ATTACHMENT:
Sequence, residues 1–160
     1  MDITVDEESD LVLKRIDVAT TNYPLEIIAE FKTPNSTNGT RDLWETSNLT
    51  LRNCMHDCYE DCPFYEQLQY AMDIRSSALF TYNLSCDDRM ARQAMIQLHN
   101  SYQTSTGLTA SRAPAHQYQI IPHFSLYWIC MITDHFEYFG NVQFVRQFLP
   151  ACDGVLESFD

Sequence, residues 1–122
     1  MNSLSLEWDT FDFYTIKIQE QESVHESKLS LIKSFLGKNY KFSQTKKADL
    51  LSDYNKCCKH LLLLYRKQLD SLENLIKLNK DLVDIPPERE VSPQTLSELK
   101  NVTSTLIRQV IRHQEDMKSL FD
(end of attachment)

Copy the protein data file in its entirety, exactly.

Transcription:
Sequence, residues 1–160
     1  MDITVDEESD LVLKRIDVAT TNYPLEIIAE FKTPNSTNGT RDLWETSNLT
    51  LRNCMHDCYE DCPFYEQLQY AMDIRSSALF TYNLSCDDRM ARQAMIQLHN
   101  SYQTSTGLTA SRAPAHQYQI IPHFSLYWIC MITDHFEYFG NVQFVRQFLP
   151  ACDGVLESFD

Sequence, residues 1–122
     1  MNSLSLEWDT FDFYTIKIQE QESVHESKLS LIKSFLGKNY KFSQTKKADL
    51  LSDYNKCCKH LLLLYRKQLD SLENLIKLNK DLVDIPPERE VSPQTLSELK
   101  NVTSTLIRQV IRHQEDMKSL FD